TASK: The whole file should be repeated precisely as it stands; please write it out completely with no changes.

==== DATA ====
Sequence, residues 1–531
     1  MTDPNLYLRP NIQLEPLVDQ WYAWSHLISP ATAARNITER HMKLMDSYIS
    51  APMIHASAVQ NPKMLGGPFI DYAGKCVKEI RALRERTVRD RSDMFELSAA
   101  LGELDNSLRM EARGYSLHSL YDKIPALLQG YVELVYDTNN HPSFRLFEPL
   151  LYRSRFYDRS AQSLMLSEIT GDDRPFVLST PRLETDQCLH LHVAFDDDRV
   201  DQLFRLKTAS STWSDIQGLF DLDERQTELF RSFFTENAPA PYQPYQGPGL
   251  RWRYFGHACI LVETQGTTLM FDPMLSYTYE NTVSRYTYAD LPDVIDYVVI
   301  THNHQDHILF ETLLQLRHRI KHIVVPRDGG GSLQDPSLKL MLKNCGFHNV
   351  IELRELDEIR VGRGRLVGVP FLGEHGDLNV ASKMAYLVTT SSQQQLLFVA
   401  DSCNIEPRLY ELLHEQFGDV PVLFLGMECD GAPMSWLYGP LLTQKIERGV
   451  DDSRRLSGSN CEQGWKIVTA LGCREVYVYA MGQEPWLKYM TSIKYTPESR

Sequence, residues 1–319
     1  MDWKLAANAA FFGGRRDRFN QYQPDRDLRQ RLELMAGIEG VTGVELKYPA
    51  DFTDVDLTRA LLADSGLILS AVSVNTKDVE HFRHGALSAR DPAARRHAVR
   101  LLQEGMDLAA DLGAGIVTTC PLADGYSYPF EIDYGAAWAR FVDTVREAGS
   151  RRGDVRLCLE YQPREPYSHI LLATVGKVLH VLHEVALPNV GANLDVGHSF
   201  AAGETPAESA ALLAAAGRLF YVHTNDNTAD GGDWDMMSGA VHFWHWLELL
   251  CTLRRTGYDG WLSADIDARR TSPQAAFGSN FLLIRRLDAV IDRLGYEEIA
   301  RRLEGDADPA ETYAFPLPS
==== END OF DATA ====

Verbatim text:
Sequence, residues 1–531
     1  MTDPNLYLRP NIQLEPLVDQ WYAWSHLISP ATAARNITER HMKLMDSYIS
    51  APMIHASAVQ NPKMLGGPFI DYAGKCVKEI RALRERTVRD RSDMFELSAA
   101  LGELDNSLRM EARGYSLHSL YDKIPALLQG YVELVYDTNN HPSFRLFEPL
   151  LYRSRFYDRS AQSLMLSEIT GDDRPFVLST PRLETDQCLH LHVAFDDDRV
   201  DQLFRLKTAS STWSDIQGLF DLDERQTELF RSFFTENAPA PYQPYQGPGL
   251  RWRYFGHACI LVETQGTTLM FDPMLSYTYE NTVSRYTYAD LPDVIDYVVI
   301  THNHQDHILF ETLLQLRHRI KHIVVPRDGG GSLQDPSLKL MLKNCGFHNV
   351  IELRELDEIR VGRGRLVGVP FLGEHGDLNV ASKMAYLVTT SSQQQLLFVA
   401  DSCNIEPRLY ELLHEQFGDV PVLFLGMECD GAPMSWLYGP LLTQKIERGV
   451  DDSRRLSGSN CEQGWKIVTA LGCREVYVYA MGQEPWLKYM TSIKYTPESR

Sequence, residues 1–319
     1  MDWKLAANAA FFGGRRDRFN QYQPDRDLRQ RLELMAGIEG VTGVELKYPA
    51  DFTDVDLTRA LLADSGLILS AVSVNTKDVE HFRHGALSAR DPAARRHAVR
   101  LLQEGMDLAA DLGAGIVTTC PLADGYSYPF EIDYGAAWAR FVDTVREAGS
   151  RRGDVRLCLE YQPREPYSHI LLATVGKVLH VLHEVALPNV GANLDVGHSF
   201  AAGETPAESA ALLAAAGRLF YVHTNDNTAD GGDWDMMSGA VHFWHWLELL
   251  CTLRRTGYDG WLSADIDARR TSPQAAFGSN FLLIRRLDAV IDRLGYEEIA
   301  RRLEGDADPA ETYAFPLPS